Here’s something that’s a mystery only to the powers that be and their minions: a big chunk of populist and nationalist discontent is driven by economic stagnation and deterioration. From Raúl Ilargi Meijer at theauthomaticearth.com:
“Forget Germany, Spain Is The Real Problem”, reads a headline. Eh… no. Germany is definitely the problem in Europe. Spain is a bit player. That doesn’t mean nothing major could happen in Spain in its fight with Catalonia, and soon, but Spain, like all EU nations, is a de facto province of Germany.
What matters in the end is how Brussels and Merkel deal with Spain. And while it’s tempting to say that perhaps Brussels, the EU, is the main European problem, the European Union is run exclusively by and for Germany, so that doesn’t work either.
The only thing that might work if you really want to find a bigger issue than Germany is if you would point at the role the incessant lies about economic conditions for people play. But that’s not a European issue, that’s global.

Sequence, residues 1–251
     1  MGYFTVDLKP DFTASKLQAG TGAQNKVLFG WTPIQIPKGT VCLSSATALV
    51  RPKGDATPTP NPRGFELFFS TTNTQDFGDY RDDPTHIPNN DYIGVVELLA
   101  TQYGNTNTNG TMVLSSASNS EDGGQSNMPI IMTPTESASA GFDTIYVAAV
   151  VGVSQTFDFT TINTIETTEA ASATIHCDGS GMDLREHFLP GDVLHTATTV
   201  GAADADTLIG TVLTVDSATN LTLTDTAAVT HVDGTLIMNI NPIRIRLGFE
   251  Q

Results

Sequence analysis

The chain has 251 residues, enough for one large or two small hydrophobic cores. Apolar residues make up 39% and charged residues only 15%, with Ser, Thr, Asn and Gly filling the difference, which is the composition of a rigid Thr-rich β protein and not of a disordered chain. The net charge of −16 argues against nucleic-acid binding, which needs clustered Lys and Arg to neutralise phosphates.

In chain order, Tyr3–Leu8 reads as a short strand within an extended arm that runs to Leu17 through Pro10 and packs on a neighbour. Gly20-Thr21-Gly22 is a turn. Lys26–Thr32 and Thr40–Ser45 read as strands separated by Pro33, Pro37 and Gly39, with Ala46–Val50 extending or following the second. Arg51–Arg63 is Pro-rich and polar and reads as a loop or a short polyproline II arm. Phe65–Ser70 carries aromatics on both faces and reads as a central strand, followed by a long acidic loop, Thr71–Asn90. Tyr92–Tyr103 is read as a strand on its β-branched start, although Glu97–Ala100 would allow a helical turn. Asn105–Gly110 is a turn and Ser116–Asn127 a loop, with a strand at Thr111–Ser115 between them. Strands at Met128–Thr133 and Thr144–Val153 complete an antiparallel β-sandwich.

The talk about how economies are recovering, how there’s light at the end of the tunnel, and how any day now we’ll be back to where we were at some point in time that many can not even remember. But then, at least when it comes to Europe, that happy talk comes from Germany too, to a large degree. Just wait till Draghi starts cutting his QE.
You can try and tell people that they’re doing just great, using the media you control, and it’ll work for a stretch, if only because they want to believe it, badly, but when these same people can’t even feed their children while you make such claims, you will eventually lose their attention and support. The difference between beliefs and experiences.
If you’re a politician, you try to feed people what they want to hear, invariably an upbeat message, but there comes a time when you have to back it up. You can say that austerity is necessary, inevitable, and the only choice, and it will be beneficial to them, but austerity is one of those things that have a very limited best before date.
If you can only make employment numbers look good by creating a gig economy that takes away all their benefits, and their entire sense of security, they’re going to turn their backs on you. Because you’re lying.
To continue reading: Left Behind